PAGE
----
More and more of our son’s classmates seem to mysteriously disappear from school for a couple of days or even a week. Officially the child is ill, but it’s a pretty open secret in the playground that they’ve been taken out of school to save on the cost of a holiday.

At first I took the moral high ground but now I’m seriously thinking of joining them. A week’s trip for the three of us to Center Parcs in Suffolk would cost £2,500 in August, against £1,000 in mid-September.

My own parents would never have dreamt about taking me out of school, but everything is so much more expensive these days and this could be the only way we get a decent break.

In any case, a physically active holiday with two attentive parents is enriching in a way a classroom never could be.

I’m not suggesting we do this several times a year, and would never take him out during exam season. Is there really a problem if he misses a week of school? Everyone’s doing it and I don’t see why we should miss out.

- Ben L, Brighton

First thing’s first. It is a legal requirement for your child to attend school from compulsory school age. This is on December 31, March 31 or August 31 following their fifth birthday, whichever comes soonest. They must then start school the following term and stay until they are 16 and then until 18 in full-time education, or an apprenticeship or other kind of training.

Councils and schools can use various legal powers if your child misses school “without good reason”. You may be given a “parenting order” or made to pay a fine of £60 per parent, rising to £120 per parent after 21 days. In extremis, you could be prosecuted and given a fine of up to £2,500, given a community order – or even a jail sentence of up to three months.

Is it really worth the risk?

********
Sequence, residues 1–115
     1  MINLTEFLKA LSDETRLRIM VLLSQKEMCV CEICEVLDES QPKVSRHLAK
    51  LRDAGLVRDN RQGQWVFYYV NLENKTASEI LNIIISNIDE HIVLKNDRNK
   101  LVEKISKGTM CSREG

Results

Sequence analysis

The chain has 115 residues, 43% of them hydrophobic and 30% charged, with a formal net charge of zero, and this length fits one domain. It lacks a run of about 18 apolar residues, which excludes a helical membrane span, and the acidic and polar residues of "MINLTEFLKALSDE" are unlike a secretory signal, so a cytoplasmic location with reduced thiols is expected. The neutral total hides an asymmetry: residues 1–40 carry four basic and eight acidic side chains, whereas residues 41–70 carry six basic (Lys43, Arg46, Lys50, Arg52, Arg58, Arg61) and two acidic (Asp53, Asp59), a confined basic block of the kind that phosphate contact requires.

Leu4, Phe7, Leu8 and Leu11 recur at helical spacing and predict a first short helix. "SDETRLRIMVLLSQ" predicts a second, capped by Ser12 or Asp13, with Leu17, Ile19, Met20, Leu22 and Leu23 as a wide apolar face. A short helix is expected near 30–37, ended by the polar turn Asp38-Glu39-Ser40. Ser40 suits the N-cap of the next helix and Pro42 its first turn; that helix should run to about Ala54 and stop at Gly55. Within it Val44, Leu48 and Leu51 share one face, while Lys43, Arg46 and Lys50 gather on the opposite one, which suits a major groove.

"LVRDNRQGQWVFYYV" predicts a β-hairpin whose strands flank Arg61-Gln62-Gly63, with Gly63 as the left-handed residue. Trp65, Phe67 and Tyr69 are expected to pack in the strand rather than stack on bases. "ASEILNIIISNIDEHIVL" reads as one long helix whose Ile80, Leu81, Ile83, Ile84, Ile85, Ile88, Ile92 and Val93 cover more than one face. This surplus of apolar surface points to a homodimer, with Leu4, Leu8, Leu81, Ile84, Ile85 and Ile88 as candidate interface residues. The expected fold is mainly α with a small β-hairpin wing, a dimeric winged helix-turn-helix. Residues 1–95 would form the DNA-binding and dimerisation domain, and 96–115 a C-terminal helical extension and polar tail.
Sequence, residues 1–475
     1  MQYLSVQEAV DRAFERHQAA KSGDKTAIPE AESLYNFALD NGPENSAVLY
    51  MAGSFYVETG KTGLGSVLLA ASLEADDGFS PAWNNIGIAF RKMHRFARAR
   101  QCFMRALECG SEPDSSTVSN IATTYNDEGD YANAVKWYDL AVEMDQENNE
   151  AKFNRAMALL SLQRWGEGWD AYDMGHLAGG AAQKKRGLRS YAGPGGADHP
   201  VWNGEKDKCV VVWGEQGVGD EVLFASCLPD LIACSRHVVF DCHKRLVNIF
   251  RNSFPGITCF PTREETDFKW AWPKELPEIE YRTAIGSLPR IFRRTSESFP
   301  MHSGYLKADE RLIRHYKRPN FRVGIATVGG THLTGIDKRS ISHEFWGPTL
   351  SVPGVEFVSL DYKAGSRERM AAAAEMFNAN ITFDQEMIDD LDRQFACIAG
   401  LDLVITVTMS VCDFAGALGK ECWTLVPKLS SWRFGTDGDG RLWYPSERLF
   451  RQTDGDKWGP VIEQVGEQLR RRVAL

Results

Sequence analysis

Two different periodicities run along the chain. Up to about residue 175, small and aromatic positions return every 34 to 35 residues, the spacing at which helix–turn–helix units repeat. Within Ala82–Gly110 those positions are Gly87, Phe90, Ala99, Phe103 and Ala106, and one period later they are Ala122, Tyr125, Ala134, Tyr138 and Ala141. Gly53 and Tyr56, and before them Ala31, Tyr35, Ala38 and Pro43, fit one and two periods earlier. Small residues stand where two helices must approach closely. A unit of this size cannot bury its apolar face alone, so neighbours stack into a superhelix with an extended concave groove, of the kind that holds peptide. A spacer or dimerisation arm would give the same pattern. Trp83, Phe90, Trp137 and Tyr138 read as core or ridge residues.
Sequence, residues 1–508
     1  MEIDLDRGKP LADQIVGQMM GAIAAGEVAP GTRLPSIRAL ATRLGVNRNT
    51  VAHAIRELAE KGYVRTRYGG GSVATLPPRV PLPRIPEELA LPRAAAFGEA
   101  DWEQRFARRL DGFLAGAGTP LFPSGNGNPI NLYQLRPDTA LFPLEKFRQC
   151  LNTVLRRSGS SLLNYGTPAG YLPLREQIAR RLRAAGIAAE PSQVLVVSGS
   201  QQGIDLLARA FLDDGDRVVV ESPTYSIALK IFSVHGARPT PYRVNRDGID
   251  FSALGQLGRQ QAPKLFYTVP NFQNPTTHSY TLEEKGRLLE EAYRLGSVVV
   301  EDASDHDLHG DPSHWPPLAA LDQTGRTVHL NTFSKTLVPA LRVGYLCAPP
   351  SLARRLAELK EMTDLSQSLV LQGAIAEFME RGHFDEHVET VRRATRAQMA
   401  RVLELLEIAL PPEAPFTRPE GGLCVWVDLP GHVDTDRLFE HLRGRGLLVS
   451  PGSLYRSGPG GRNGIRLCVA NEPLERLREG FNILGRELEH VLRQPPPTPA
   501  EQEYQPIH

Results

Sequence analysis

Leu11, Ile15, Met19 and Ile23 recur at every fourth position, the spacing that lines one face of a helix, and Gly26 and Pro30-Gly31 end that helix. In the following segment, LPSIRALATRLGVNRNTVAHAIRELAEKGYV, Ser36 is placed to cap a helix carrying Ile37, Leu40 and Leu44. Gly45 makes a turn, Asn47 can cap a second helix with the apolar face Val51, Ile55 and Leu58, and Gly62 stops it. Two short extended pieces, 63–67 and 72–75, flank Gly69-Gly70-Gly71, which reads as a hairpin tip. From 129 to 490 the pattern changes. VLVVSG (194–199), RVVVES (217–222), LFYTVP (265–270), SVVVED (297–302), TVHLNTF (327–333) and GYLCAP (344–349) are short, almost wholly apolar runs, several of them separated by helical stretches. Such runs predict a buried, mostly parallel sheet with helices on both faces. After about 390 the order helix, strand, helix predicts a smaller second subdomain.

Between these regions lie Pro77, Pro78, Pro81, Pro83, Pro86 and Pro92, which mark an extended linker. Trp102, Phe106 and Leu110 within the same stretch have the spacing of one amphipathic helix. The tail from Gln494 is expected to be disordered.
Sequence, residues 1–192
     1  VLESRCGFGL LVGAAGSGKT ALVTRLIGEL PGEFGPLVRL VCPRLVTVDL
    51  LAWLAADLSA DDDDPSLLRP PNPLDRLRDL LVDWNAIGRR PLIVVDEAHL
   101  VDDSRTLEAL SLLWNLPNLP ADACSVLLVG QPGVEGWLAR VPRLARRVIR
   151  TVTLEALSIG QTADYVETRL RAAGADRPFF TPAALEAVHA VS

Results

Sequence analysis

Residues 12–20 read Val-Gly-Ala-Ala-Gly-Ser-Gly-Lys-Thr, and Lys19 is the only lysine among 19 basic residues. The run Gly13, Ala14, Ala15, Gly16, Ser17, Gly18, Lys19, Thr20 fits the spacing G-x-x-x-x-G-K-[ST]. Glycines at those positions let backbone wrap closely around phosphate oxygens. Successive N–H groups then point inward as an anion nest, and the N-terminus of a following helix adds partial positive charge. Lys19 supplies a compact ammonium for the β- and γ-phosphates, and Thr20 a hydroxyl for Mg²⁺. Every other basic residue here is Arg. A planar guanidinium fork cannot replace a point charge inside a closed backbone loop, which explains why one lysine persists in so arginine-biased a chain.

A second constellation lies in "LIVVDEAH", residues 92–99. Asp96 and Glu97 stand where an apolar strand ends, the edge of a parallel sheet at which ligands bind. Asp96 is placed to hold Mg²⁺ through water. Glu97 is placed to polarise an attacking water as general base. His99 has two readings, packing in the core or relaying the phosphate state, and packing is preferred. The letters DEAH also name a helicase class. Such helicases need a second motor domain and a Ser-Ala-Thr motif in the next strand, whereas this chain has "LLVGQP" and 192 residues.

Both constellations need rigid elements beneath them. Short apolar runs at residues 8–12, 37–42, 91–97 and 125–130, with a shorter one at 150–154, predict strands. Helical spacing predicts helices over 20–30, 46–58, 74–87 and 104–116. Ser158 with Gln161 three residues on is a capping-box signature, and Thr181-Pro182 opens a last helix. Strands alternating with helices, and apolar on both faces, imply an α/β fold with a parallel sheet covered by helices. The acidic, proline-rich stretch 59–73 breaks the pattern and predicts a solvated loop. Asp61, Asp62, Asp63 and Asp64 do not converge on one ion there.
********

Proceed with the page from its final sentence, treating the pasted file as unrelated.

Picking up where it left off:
In reality, few parents are ever fined, let alone prosecuted. Of course, we could never recommend breaking the law, but we are all craving holidays after the past couple of years, and seeing other parents exploit the system to book cheap trips must be deeply frustrating if you’ve always followed the rules.

As you say, there is value for a child to gain from a trip to the Pyramids or Rome or even Center Parcs, especially if the choice is between one holiday, or none at all.

To feel vindicated you really do need to make sure the break enhances your son’s education and experiences: sitting on a beach for a week and filling up at an all-inclusive resort will not garner much sympathy.  

Some readers might also make the point that the age of the child is vitally important. Missing a week of school at 15, with GCSEs looming, is surely a different kettle of fish to when your son is five.

If you don’t decide to go on moral grounds, would you consider alerting the authorities to other parents who do break the rules?

One thing I’m sure we all agree on is that children should be in school as much as possible. As many as 100,000 children are thought to be unaccounted for since schools reopened following the lockdowns. That is the real tragedy.

Poll results: Should our reader take his son out of school to go on holiday?

Yes - family memories are more important than a few days of school - 47pc

Yes - but you should take them somewhere that enhances what they’re studying - 14pc

No - your child’s education is too important to disrupt for a cheaper holiday - 26pc

No - breaking the law for a jolly holiday is out of the question - 13pc